Navy plays Rutgers at home; THAT should be interesting. This is Navy’s second game against a Big Ten team this year. Rutgers is 2-1, having lost to Penn State last weekend.

Also of interest: Miami vs. Nebraska. Is Nebraska all smoke and mirrors or are they for real?

Issues
Weather: we are supposed to have rain in Peoria this afternoon, but not in Champaign (where the game is). We’ve had an unusually cool September but the planet, on the whole, has been warm. What is in store this winter? It could go either way. A bad winter could be bad news for us, as budget cuts has cut our plowing/salt budget.
I need to buy some decent snow boots to walk to work and to shovel.

Secularism This is a nice piece in Time Magazine which was generated by the recent incident in which the Air Force wanted to keep “So Help Me God” as a required part of the enlistment oath. They wisely recanted: (this is part of the article)

It took the threat of a lawsuit before the Air Force agreed on Wednesday to allow airmen to omit the phrase “So help me God” as part of a required oath. Until then, they claimed an airman stationed at Creech Air Force Base in Nevada was ineligible to reenlist after he crossed out the phrase on his reenlistment form.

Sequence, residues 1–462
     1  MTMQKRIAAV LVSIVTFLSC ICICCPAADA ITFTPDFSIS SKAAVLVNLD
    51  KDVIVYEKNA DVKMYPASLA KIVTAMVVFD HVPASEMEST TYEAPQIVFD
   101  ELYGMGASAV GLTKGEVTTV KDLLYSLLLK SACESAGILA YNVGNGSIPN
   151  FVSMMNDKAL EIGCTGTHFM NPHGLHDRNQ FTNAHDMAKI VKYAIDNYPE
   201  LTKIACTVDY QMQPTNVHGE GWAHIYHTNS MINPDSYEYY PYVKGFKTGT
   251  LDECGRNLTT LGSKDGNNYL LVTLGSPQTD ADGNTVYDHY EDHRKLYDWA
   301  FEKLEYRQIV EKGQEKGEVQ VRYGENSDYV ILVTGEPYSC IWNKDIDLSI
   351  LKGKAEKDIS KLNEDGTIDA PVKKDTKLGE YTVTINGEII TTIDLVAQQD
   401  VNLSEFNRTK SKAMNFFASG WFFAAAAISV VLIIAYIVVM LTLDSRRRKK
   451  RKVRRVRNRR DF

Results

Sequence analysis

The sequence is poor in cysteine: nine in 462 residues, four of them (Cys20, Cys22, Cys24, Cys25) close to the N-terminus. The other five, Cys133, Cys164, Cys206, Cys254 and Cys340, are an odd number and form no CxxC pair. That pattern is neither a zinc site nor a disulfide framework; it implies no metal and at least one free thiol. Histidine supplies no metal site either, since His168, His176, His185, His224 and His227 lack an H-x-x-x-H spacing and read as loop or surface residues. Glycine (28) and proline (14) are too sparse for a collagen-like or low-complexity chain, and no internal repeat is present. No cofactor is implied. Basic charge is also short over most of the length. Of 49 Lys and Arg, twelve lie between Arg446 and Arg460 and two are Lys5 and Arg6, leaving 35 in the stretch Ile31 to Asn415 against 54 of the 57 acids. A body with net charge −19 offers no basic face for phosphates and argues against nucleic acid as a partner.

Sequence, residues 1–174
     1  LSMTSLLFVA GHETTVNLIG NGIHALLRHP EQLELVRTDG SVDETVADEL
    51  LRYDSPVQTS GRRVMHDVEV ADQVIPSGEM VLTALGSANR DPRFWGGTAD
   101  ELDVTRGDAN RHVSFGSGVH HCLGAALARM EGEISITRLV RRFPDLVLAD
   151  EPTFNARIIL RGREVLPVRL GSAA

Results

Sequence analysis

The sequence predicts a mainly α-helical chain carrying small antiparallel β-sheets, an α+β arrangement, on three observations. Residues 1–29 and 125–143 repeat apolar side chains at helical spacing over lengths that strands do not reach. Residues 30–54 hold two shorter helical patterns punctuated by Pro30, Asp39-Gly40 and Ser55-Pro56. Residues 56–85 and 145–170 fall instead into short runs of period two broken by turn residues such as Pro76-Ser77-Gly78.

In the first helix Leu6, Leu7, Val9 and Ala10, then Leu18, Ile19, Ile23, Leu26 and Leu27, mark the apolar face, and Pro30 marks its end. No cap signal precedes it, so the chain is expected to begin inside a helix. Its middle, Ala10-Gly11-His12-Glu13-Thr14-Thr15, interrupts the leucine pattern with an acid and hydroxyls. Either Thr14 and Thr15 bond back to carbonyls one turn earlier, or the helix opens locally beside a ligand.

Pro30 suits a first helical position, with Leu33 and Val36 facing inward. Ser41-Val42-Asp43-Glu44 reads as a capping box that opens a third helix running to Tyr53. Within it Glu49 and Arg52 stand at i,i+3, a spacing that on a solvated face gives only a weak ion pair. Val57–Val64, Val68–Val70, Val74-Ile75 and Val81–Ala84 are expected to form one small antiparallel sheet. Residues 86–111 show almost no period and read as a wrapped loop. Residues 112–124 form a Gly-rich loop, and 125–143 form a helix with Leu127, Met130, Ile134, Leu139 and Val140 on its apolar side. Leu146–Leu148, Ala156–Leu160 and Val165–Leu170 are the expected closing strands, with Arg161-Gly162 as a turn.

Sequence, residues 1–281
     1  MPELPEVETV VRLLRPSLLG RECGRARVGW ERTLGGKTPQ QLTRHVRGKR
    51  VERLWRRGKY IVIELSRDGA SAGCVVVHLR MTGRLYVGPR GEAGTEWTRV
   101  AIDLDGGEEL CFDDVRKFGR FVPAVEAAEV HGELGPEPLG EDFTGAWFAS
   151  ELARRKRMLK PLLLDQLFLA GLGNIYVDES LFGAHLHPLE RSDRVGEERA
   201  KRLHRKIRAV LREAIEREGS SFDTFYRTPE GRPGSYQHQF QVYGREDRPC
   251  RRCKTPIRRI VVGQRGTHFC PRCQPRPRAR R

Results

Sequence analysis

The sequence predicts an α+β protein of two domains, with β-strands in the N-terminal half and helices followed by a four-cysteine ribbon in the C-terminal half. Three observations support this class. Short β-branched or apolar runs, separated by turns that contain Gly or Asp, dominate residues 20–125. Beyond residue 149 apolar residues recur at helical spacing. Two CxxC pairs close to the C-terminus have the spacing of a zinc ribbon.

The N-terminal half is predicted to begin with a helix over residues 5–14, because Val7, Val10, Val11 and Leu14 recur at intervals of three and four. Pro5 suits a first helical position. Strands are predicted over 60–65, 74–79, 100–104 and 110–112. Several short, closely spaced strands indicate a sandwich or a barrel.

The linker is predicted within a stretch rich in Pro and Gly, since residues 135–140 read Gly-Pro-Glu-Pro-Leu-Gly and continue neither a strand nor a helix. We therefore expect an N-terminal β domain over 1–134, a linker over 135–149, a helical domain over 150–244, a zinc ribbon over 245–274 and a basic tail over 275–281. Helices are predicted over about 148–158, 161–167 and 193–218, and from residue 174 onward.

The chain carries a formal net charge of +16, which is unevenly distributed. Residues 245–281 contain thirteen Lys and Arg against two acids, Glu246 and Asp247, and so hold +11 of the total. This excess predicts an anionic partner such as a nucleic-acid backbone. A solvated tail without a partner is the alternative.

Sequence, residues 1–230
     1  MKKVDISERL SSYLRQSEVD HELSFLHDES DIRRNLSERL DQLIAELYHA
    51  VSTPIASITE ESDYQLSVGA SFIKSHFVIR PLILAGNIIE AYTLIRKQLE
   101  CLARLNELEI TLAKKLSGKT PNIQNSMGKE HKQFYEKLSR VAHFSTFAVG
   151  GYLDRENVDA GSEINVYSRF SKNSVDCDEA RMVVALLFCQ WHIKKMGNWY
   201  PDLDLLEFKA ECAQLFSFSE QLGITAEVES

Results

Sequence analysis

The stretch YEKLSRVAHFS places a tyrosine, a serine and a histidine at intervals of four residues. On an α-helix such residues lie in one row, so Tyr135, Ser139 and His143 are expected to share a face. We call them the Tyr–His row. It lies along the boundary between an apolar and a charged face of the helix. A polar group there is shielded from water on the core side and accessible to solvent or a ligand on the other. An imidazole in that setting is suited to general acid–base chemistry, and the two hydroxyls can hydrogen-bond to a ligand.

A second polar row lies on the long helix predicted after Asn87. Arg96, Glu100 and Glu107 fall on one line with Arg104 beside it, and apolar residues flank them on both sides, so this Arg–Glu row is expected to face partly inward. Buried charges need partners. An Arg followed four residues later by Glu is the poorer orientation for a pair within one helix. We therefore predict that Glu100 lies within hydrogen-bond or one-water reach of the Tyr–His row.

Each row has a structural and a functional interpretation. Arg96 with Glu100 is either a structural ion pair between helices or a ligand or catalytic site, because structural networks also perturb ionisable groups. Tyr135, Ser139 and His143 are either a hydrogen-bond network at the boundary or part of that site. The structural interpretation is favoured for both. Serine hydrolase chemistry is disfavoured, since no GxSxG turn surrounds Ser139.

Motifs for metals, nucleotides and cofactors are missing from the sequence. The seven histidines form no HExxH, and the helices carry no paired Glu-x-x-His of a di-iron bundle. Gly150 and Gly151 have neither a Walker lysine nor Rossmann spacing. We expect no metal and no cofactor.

This controversy will rile up many people of good will—not against the military, but against the airman. Why make a big deal out of words that the majority of Americans believe in? Just cross your fingers if you must, and say the words. Why rock the boat?

Here’s why: The incident betrays a subtext of intolerance and hostility toward secular people that is embedded in American culture and public institutions. The Air Force was ready to end a man’s military career because he would not submit to its religious demands.

To secular Americans, requiring an oath to God is like asking a Jewish airman to swear, “So help me Jesus” or a Christian to say, “So help me Allah.”

I love the article, but have a minor quibble with the last sentence in the quote: asking me to swear an oath to God is NOT like asking a Jew to pray to Jesus or a Christian to pray to Allah.

Asking me to pray to God is exactly like asking me to pray to the Tooth Fairy. On the other hand, asking a believer to pray to a different deity is asking them to commit blasphemy which, to a believer, is a serious offense which can cause emotional and mental anguish.

September 20, 2014 Posted by | politics, politics/social, religion, running, science, social/political | , | Leave a comment

Misconceptions: chimps, kids and assault weapons

This New York Times Sunday Review article states what was long well known: one is far more likely to get killed by small handguns than by assault rifles. Assault rifles make big news in the spectacular but relatively rare events. But: this does not mean that there is no such thing as assault weapons. This means that banning them won’t make much of a dent in gun death statistics.

Speaking of violence: It sure appears as if chimps are naturally violent toward one another. Some argue that “effect by human intervention” has not been controlled for, but seriously, this “noble savage” stuff is nonsense.

Spanking Data seems to indicate that “spare the rod, spoil the child” is nonsense.

September 18, 2014 Posted by | evolution, nature, science, social/political | , | Leave a comment